To vote but not elect

Elections have become a crucial tool in attempts to achieve broader democratization of the world. The fall of the Berlin Wall and collapse of the Soviet Union stirred up drastic changes around the world, among them the appearance of new actors and coalitions seeking a democratic future. Inspired by the crash of the “authoritarian beacon,” the Western community, in turn, attempted to pull itself out from the “son of a bitch, but he’s our son of a bitch” approach to propping up foreign allies, and began helping emancipated states achieve a better life as the West perceived it.

In this drive, elections have become the basis, the criterion, the tool and often the end in itself of a political process.

Westerners accustomed to elections as an indispensable feature of their life, tend to overlook other crucial components of democracy such as strong civil groundwork and a responsible government. But some foreign regimes that are unaccustomed to political competition have quickly grasped the inversion of this. By conducting recurrent elections in name only, they are recognized as legitimate by the Western community while maintaining the political configuration they want to preserve.

Westerners assume that elections are the only crucial ingredient for a democratic “startup,” yet elections by themselves mean little. This has been proven even in American history.

Though the Founding Fathers had carefully conceived the balance of power, fears of the president stifling the other branches of government arose nonetheless, particularly during the times of Andrew Jackson, and both Roosevelts, not to mention Richard Nixon and, most recently, George Bush. If such concerns arose in the United States with its mighty legislative and judicial “checks and balances,” what distortion must other countries experience whose institutions are much flimsier?

This civic weakness points to another crucial aspect of democratic existence, namely whether the people of a country have a chance to influence their governors in the interim between voting. This is taken for granted by Westerners with their formidable free media, strong non-governmental organizations and grassroots activists. That is not so with other nations with no extensive societal structure and, thus, no tools to maintain accountability of the government, resulting in a lack of public influence between elections.

Prominent American thinkers, for instance Samuel Huntington and Immanuel Wallerstein, have warned since the mid-1970s of elections with no influence. Wallerstein wrote about “the important difference between formal and substantive democracy.” The scholar wrote: “The liberal concern with procedures lends itself towards a formal analysis of democracy where procedures and institutions exist in order to make democratic processes theoretically possible, while in practice inequalities of social power render them largely empty processes.”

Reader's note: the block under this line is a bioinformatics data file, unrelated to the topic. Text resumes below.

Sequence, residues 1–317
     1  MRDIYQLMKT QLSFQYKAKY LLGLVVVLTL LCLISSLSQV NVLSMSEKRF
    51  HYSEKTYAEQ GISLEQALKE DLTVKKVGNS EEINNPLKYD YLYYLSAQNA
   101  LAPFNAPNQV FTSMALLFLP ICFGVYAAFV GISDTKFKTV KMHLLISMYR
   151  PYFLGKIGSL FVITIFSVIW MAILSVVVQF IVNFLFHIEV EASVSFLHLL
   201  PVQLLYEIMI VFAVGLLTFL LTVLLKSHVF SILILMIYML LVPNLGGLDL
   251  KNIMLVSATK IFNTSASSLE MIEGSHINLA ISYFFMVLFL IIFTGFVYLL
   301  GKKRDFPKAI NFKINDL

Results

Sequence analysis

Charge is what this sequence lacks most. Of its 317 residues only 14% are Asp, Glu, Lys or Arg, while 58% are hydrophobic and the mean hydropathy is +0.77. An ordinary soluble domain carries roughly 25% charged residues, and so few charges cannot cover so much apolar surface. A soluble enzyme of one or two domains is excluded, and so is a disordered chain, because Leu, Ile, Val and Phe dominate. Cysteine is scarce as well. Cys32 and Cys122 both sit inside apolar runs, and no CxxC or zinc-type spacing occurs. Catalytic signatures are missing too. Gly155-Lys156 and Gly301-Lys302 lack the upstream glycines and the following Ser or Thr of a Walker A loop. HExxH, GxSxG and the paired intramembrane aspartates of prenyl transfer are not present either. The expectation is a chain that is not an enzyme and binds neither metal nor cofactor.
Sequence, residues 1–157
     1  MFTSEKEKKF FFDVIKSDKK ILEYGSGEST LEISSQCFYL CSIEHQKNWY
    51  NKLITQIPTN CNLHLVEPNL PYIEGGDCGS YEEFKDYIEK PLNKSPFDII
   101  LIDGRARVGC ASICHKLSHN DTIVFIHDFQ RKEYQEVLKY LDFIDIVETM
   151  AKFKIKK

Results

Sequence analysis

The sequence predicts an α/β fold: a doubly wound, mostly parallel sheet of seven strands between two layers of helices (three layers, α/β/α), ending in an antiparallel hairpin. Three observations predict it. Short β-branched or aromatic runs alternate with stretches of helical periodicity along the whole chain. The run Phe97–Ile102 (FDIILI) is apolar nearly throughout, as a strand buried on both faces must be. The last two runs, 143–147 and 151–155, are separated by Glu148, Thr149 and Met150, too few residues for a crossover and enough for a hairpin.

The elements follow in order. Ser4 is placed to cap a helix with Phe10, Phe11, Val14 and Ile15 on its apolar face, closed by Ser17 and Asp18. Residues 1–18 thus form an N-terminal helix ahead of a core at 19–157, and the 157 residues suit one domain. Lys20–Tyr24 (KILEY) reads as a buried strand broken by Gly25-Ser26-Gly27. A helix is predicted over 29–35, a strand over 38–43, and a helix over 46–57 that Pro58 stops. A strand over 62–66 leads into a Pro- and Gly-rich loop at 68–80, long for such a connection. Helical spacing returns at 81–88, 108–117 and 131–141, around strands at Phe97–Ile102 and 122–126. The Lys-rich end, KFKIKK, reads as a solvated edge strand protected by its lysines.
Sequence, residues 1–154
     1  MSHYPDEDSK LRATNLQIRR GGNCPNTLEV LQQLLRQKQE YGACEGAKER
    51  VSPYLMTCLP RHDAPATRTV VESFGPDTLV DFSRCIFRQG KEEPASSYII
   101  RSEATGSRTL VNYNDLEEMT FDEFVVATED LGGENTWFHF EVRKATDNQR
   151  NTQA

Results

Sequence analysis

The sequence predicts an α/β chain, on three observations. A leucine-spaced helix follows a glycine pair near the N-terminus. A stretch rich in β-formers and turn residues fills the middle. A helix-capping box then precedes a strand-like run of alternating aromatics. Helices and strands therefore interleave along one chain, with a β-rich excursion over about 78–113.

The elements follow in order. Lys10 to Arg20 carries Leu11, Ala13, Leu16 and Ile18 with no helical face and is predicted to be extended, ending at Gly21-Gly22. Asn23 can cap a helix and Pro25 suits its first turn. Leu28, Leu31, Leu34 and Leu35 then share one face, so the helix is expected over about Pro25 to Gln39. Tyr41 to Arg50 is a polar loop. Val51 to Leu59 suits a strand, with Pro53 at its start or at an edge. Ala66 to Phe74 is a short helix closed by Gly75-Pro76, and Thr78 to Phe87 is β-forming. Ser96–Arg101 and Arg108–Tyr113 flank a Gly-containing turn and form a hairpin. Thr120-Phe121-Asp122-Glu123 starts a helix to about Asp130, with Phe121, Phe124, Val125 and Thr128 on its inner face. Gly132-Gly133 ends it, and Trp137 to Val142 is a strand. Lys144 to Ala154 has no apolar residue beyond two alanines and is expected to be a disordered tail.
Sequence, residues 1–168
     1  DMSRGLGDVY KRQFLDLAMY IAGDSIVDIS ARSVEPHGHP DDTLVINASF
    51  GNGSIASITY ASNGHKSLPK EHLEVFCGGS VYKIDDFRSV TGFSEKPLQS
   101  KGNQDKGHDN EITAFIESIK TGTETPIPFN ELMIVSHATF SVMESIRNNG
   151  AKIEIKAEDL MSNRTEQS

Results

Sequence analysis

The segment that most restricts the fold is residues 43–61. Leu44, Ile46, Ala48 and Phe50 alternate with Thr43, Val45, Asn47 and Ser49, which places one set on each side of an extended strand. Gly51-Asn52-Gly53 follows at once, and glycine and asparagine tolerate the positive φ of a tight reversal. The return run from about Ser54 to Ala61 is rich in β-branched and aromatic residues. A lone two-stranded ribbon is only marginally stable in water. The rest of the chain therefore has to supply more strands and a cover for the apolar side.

Another aspect of election is the rotation of ruling elites and its impact on a nation.

For Americans who never faced the menace of a figure “growing into the throne,” it’s hard to realize that in a great number of countries elections are conducted not to facilitate the replacement of political leaders but to prevent this. Elections for the sake of voting helps increase the legitimacy of a governor or a clan, giving them an additional argument to remain in power “till death do us part.”

The absence of a strong opposition can give a governor additional arguments to stay on for another term. He throws up his hands and utters that were he given the opportunity to quit, he would gladly do so, but until someone more reliable shows up, he must reign over the nation.

The availability of an opposition can lead down different paths. On the one hand, legitimate and strong opposition helps sustain communication with voters and, thus, an accountable government. On the other hand, elections, particularly conducted under Western supervision, may reveal an opportunity to gain power for those whose governance may in fact have a graver long-term impact than the absence of an election altogether. This reality would little resemble the rosy anticipations of a stable transparent democracy. In recent years, many electoral campaigns in turbulent regions have given evidence of what was described as anti-systemic groups “demanding more democratic control of political and economic decision-making.”

The result is the same number of “sons of bitches” in the world, but now they are legally elected.

The excessive attention to elections has become, hence, a trap of the modern world. There is no other more efficient civic means to establish democracy. On the other hand, this tool allows ambiguous and often shady figures to rule indefinitely, or vice versa to seize power from a weak ruling elite. The resolute faith of westerners that surely every nation will value and enjoy the tenets of democracy often helps these opportunists to achieve their selfish goals.

Quasi-democracies significantly outnumber authentic ones, and the world is woefully as far from a prevalence of democracies as it was decades ago.

The views expressed in this article are the author’s and may not necessarily represent those of RIA Novosti.

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